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A Nicely-Built 40-Core Raspberry Pi Cluster

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  • teahopper
    replied
    Originally posted by droidhacker View Post
    The guy obviously did it for fun... 'cause you can buy a 486 for $20 that can outperform 40 rpi's.
    It must be fun when you can spend 3000$ for fun.

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  • DaveG
    replied
    I appreciate you featuring my project here!

    Regarding other comments, the processor on the Pi is approximately 20 to 40 times the speed of a 486DX2-50, depending on your metric. The cluster I built should be should be similar in performance to the Origin2000 systems from the late 1990s, but with slower interconnects. Applications that don't rely on having such fast interconnects should work just fine.

    I wanted to point out that, with different cards, my case design could be used with other similar boards, such as the Beaglebone Black. It might be slightly harder to set it up with Gigabit Ethernet switches, due to most 24-port Gigabit switches being too wide), but I think that should become practical in the future. This would alleviate the bottlenecking issue mentioned in the article.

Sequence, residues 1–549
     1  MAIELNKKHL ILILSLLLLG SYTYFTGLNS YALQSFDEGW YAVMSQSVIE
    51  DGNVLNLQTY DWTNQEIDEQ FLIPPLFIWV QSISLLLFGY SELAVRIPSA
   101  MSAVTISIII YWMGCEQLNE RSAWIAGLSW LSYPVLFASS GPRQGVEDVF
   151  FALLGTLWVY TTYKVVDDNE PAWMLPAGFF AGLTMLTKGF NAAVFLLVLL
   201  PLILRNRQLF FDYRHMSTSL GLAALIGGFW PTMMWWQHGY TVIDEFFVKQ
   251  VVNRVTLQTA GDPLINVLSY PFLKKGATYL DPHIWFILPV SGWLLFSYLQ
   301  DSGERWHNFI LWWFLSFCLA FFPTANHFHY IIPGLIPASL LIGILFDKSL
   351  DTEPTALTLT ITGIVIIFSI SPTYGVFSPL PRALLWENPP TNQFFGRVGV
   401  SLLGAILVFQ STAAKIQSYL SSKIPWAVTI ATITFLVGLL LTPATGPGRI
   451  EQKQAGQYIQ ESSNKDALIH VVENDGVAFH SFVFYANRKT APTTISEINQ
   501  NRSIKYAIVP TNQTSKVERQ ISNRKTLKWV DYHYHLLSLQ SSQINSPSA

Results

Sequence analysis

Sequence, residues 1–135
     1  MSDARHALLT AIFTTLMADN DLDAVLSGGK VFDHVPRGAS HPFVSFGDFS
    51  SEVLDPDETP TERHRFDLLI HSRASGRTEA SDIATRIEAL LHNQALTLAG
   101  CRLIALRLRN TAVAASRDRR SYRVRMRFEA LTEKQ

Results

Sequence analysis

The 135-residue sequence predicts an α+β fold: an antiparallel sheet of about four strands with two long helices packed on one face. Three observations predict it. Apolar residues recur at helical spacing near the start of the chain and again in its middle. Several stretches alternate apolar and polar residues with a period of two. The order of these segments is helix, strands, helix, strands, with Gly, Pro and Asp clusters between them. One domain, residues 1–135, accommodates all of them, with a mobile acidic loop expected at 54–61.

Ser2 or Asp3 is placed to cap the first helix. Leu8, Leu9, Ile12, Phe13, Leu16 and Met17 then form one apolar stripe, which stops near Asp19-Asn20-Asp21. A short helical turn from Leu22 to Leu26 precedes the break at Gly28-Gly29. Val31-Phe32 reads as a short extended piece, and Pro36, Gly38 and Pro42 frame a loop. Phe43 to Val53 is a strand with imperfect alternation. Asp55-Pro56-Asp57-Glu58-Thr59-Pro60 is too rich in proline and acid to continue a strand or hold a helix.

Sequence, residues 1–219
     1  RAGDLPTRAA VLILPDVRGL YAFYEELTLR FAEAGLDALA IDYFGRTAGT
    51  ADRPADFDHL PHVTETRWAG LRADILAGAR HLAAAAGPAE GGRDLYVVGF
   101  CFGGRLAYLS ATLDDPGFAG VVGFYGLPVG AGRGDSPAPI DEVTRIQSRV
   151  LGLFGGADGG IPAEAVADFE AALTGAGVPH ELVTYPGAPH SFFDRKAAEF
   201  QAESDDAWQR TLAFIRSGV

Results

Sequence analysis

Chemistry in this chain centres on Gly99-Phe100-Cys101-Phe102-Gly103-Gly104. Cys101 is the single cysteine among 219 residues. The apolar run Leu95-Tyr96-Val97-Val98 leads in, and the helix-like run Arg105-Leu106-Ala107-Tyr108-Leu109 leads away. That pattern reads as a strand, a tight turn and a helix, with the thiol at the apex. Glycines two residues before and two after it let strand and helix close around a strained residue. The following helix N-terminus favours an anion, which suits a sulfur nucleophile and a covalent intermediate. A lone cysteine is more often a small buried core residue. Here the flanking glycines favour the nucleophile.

And yes, part of the purpose of this project has been the fun side of it. I also also think it will be a lot more interesting to run distributed code on a hardware platform, where I can see lights blinking and such as it works. But I grew up on movies that had supercomputers with huge panels of blinking lights, so I suppose that sentiment may not be universal.

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  • Nobu
    replied
    Well, sure, but a 486 won't be able to do a whole lot of concurrent operations. That's like comparing a CPU to a GPU--they're different beasts, with different purposes.

    That said, he was doing it sort-of for fun, but it started out as a thesis project. According to his blog post, he's going to use it to test distributed software.

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  • droidhacker
    replied
    The guy obviously did it for fun... 'cause you can buy a 486 for $20 that can outperform 40 rpi's.

    Leave a comment:

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